Thursday, August 2, 2012
Safe Crafting: Sewing with Arthritis
It may sound silly to any non-sewers/crafters that are reading, but quilting and sewing can actually be rather hard on your body at times, especially if you are crafting often! So, I want to take the opportunity to talk today about some of the techniques and tricks I use in order to protect myself! Even if you don't have physical limitations, it's still important to take proper care of yourself in order avoid injury. Let's get started!
contour Fiskars rotary cutters, but found that the way I was squeezing it caused me additional pain. Last year I switched to one of these quick change Olfa rotary cutters and it's made a big difference for me. My wrists feel better and I don't get raw patches or blisters from it. And I use it nearly everyday!
In terms of holding your acrylic ruler in place when you're getting ready to cut, you might find one of these Gypsy Grippers helpful. I have used one once before, but found I couldn't squeeze it very well, so it wasn't very useful for me. My current method is slightly embarrassing though! My table is relatively short, so I actually bring my knee around on to the table to hold my ruler. It looks ridiculous, but it works! The real solution though, is to simply change your blade more often. I now do that much more than I used to! I can find the Fiskars rotary blades cheaper, and they fit my Olfa cutter just fine!
Oliso iron. I wish I could recommend them, but I definitely cannot. To keep things short, my iron lasted five months and then I dealt with customer service for two months trying to get a replacement, which then also died. At this point, I simply use a very lightweight iron, this one by Sunbeam. It gets really hot and doesn't weigh much, so there is minimal strain on the wrists, PLUS, it's pink! Just find something that is comfortable for you!
When I am hunkering down for a long length of sewing, I like to make sure that I am varying my activities. I have found that for myself, repetition is my enemy. If I have 100 half-square triangles to sew, iron, and trim I'll often split them in half or quarters, so that I'm not doing any one thing for too long. This is especially important when I'm trimming! I'm very excited to try out this Fiskars rotating cutting mat next time I need to trim, I think it's going to be really helpful!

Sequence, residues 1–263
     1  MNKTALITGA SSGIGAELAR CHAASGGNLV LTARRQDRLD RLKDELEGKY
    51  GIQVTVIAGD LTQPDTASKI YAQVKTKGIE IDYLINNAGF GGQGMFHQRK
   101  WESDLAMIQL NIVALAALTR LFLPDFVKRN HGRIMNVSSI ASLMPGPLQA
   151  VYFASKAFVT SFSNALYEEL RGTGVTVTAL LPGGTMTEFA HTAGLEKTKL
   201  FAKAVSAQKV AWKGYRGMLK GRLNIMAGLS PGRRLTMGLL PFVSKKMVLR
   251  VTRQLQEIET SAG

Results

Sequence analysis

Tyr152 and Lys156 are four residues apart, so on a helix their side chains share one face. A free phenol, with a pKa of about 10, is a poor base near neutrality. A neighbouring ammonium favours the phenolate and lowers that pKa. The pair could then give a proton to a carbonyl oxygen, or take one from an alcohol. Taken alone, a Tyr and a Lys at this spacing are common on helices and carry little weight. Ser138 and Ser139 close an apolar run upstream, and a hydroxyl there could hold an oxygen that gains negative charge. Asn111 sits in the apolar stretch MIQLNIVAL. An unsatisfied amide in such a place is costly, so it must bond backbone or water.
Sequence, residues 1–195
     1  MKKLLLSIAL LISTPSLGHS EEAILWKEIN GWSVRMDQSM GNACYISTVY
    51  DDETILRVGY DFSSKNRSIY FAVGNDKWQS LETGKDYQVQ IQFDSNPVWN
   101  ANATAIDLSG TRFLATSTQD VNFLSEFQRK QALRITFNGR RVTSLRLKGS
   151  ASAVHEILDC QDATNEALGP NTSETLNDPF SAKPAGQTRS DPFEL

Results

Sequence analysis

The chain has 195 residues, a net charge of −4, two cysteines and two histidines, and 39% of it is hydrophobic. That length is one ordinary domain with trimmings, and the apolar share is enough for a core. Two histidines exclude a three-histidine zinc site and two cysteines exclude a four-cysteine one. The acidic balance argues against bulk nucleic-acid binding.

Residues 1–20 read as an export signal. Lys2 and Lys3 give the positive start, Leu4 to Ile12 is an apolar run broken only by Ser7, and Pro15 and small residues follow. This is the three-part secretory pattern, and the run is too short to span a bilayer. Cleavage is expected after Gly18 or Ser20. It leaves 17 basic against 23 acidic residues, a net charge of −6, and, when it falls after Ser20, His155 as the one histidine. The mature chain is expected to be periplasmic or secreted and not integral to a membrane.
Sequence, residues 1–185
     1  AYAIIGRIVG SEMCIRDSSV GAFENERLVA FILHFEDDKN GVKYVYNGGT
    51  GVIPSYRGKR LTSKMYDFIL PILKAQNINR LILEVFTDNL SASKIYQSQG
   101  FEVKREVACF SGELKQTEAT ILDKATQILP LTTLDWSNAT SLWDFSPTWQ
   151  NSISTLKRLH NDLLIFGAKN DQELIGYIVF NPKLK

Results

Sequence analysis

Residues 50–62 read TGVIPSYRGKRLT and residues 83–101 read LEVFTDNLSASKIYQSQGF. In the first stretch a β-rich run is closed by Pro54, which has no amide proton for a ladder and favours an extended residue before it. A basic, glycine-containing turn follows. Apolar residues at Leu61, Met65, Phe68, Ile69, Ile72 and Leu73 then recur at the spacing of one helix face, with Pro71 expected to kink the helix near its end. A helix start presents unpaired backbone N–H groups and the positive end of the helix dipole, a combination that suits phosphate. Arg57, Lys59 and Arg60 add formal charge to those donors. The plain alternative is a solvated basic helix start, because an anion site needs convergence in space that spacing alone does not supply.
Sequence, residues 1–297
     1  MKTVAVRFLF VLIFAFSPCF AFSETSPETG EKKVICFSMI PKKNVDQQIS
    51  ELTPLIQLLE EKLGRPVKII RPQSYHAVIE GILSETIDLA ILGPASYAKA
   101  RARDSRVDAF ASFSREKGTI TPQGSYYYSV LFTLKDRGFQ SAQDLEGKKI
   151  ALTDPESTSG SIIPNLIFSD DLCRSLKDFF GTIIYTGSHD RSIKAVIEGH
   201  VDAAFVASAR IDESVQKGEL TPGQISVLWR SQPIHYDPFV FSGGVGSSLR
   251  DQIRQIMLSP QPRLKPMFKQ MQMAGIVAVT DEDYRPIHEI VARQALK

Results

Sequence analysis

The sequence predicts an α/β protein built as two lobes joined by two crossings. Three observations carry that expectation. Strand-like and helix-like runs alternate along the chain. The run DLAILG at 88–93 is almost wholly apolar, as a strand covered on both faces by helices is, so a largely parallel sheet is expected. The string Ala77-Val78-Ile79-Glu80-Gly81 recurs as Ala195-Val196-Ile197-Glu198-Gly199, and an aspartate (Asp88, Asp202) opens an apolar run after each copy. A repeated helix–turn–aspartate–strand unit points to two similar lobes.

I also make sure that I don't stay sitting for too long to avoid getting stiff! I try to walk around and leave the room at least once an hour!
Kwik Klip. It's a tool that helps you open and close your curved safety pins. I bought it on a whim with a coupon, and it's now one of my favorite tools. I will not baste anything without it! It minimizes stress on your fingers and wrists and simply makes the whole process faster. You can watch a video showing how it's used here.
If you have trouble basting on the floor, some people prefer to baste in sections on a large table! Again, find a method that works best for you!
this very attractive one by Ace. I used to have a cute green one from JoAnns, but it had no stiff support, which ensures your wrist is kept stable. It takes a while to get used to, since it's a bit bulky, but it does it's job! I also quilt with Grabaroo's quilting gloves, (worn under the brace!), which make it easier to grip the quilt during quilting.
When I set out to quilt something, I usually only quilt for about an hour at a time. I then take a break and relax for 15 minutes or so on the couch with an ice pack over my right shoulder. I tend to get sore there, so I preemptively ice it. I also make sure I'm not quilting too many quilts in a short time, just to be safe.
Everyone is different, so what works for one person may not work for another, but these are the things that have worked for me. I do hope that this has been helpful! Thanks for listening :)